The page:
Secretariat Gets You In The Kentucky Derby Mood

Diane Lane, Nelsan Ellis, Otto Thorwarth, and John Malkovich in Secretariat. Courtesy of Disney.

Secretariat is just the film about horse racing to get people in the right mood for the annual running of the Kentucky Derby.

If you want a horse racing film, you certainly could not do wrong with the Oscar-nominated Seabiscuit. Seabiscuit is without a doubt the better of the two films but we’re not here to talk about that film today. No, we’re here to discuss the one set during the three Triple Crown races. And honestly, it’s a film that could make Kentucky natives like me feel homesick after viewing. It’s Derby Week so the homesickness is strong during this time of year.

Penny Chenery (Diane Lane) returns home after her mother’s death. She reunites with Elizabeth Ham (Margo Martindale) and visits with her father, Christopher (Scott Glenn). At her mother’s funeral is where Penny meets  Arthur “Bull” Hancock and Seth Hancock (Drew Roy). The Hancocks own Claiborne Farm and they offer whatever help they can. After learning from Hollis (Dylan Baker) about how their mom had to intervene in a dishonest sale, Penny decides to fire their trainer. This leads her back to the Hancocks where Bull recommends hiring Lucien Laurin (John Malkovich). The rest is history so I do not really need to rehash the plot.

There’s no denying that this film is an inspirational drama. It’s the type of film that I miss coming from Walt Disney Pictures. By which, I mean Disney itself and not their art house labels. But for a film of this nature, the modest box office performance doesn’t mode well because it’s not good for bottom line. That’s why we don’t really see much films like this any more. And who knows what kind of films we’ll be seeing once we get on other side of the pandemic!

Things I love about the film: it’s shot on location in Louisville and Lexington. My old Kentucky home. There’s no better feeling than seeing the Twin Spires during the Run for the Roses. During the Belmont Stakes recreation, one can’t help but be amazed in watching Secretariat pull away and win by 31 record lengths. This is a feat that hasn’t been done ever since and won’t be accomplished again. This is why Secretariat will forever be known as the greatest race horse that ever lived.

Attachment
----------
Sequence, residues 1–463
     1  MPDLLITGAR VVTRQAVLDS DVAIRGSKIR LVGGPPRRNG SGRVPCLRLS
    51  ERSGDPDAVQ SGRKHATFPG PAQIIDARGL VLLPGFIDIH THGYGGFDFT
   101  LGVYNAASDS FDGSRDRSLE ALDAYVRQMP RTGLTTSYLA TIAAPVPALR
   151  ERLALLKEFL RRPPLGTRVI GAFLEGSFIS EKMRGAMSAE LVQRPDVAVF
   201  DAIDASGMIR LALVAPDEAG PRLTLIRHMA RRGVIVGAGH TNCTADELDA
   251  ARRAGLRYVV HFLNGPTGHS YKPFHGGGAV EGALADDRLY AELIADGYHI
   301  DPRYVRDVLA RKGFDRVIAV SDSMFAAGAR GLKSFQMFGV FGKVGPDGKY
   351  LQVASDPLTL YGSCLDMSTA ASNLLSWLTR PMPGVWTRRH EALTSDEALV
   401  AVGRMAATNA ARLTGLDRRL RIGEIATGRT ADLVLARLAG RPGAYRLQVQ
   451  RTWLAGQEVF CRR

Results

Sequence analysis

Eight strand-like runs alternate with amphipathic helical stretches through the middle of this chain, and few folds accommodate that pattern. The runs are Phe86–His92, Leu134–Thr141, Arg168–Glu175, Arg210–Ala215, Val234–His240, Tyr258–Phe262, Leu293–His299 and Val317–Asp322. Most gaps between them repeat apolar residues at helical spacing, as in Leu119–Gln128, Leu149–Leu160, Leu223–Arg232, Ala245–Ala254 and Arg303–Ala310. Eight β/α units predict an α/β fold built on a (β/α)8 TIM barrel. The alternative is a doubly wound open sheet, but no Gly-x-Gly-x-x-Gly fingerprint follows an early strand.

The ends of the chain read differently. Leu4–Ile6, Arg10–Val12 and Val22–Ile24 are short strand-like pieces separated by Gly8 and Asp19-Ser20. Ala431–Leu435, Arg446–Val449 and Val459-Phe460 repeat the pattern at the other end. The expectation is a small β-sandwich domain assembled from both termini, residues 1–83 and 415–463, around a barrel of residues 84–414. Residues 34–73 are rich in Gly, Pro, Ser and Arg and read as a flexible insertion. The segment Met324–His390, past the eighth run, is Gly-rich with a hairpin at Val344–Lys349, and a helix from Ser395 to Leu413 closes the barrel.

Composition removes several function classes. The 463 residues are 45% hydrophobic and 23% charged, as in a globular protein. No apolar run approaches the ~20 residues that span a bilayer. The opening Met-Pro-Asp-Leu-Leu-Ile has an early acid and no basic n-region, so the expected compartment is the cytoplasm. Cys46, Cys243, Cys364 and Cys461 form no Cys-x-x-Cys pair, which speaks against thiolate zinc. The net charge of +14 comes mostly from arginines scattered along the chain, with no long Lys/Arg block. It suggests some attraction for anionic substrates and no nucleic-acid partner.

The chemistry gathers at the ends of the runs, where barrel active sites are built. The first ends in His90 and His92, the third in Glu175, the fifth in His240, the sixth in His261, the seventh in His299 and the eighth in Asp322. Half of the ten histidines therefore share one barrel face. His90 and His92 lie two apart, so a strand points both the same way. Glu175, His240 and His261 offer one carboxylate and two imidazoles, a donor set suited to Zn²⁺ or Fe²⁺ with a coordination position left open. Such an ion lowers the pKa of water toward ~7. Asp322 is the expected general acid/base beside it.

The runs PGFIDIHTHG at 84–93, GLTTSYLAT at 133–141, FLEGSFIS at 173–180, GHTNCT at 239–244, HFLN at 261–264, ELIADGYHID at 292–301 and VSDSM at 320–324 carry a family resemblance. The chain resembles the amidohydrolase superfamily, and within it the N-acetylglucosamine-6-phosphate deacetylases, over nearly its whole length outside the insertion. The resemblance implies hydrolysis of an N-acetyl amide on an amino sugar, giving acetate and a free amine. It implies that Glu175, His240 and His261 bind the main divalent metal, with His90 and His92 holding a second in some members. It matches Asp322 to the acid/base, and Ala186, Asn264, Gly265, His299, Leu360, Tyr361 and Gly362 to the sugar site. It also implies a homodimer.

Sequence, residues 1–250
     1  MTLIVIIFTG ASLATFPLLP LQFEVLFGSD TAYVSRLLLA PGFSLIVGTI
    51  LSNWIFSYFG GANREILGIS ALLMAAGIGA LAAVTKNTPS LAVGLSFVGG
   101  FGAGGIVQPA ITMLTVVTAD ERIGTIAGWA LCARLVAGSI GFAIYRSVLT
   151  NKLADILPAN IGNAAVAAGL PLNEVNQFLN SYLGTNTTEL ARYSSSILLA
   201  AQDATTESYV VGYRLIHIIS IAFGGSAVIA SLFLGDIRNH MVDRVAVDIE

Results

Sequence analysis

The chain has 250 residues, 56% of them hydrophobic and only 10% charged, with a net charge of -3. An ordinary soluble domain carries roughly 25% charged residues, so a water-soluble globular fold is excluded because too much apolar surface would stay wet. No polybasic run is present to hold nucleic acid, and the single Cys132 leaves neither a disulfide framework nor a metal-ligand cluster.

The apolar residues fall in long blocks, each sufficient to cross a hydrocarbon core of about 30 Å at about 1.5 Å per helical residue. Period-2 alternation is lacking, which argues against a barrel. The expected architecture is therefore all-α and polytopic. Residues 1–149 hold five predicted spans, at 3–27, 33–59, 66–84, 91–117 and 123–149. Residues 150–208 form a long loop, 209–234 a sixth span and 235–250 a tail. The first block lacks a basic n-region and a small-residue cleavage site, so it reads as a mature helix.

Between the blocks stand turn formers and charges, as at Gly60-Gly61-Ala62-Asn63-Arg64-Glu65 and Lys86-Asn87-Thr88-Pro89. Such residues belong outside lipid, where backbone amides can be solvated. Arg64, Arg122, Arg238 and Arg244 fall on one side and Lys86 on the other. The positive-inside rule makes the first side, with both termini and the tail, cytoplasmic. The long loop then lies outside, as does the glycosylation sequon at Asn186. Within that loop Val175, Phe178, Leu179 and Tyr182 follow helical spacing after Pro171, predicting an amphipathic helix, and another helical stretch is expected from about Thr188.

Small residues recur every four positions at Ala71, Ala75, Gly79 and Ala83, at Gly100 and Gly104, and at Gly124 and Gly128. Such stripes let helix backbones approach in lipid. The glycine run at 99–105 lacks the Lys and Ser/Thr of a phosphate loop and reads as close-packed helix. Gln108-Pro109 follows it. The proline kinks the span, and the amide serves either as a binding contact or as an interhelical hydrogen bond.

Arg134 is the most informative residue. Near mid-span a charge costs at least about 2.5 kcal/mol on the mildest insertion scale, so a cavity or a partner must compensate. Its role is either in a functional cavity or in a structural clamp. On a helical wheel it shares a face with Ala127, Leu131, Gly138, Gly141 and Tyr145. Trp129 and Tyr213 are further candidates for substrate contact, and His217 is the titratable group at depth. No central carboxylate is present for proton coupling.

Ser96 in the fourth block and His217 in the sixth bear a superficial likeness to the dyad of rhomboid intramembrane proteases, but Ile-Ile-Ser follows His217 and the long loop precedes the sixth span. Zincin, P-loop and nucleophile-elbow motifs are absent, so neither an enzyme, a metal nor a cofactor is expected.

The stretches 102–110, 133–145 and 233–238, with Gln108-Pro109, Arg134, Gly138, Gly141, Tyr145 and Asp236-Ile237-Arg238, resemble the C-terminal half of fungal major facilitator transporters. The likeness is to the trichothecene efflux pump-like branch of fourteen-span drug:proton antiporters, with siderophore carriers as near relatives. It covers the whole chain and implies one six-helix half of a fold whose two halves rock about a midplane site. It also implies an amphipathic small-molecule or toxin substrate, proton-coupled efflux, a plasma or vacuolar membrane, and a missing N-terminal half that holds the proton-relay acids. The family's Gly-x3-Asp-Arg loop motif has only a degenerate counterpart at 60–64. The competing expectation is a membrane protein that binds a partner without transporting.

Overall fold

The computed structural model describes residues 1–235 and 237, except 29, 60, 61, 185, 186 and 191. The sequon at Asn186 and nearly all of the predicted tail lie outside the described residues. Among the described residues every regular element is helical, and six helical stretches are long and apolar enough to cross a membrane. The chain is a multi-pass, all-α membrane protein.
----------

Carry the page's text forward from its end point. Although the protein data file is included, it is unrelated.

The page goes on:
It’s been just over ten years since the film came out in theaters. As much as I enjoy the film, it isn’t without some faults. While Secretariat was the biggest name in the Meadow Stable, the film doesn’t even bring Riva Ridge. That horse had a strong factor in saving their stable especially with winning the Kentucky Derby and Belmont Stakes in 1972. On top of this, they also make some changes to the Wood Memorial to build up the rivalry with Sham. And again, they get it wrong. Sham did not win the race–Angle Light did! Fun fact: Lucien Laurin also trained Angle Light. But in watching this film, you would never learn this information all! In leaving out the horse, it kind of Disney-fies the drama to raise the stakes.

Secretariat works fine as a film but if you want the real truth behind the narrative, you’re better off reading Bill Nack’s book.

DIRECTOR: Randall Wallace
CAST: Diane Lane, John Malkovich, Dylan Walsh, James Cromwell, Kevin Connolly, Nelsan Ellis, Dylan Baker, Margo Martindale, and Scott Glenn

Walt Disney Pictures released Secretariat in theaters on October 8, 2010. The film is currently streaming on Disney+.

Danielle Solzman

Danielle Solzman is native of Louisville, KY, and holds a BA in Public Relations from Northern Kentucky University and a MA in Media Communications from Webster University. She roots for her beloved Kentucky Wildcats, St. Louis Cardinals, Indianapolis Colts, and Boston Celtics. Living less than a mile away from Wrigley Field in Chicago, she is an active reader (sports/entertainment/history/biographies/select fiction) and involved with the Chicago improv scene. She also sees many movies and reviews them. She has previously written for Redbird Rants, Wildcat Blue Nation, and Hidden Remote/Flicksided. From April 2016 through May 2017, her film reviews can be found on Creators.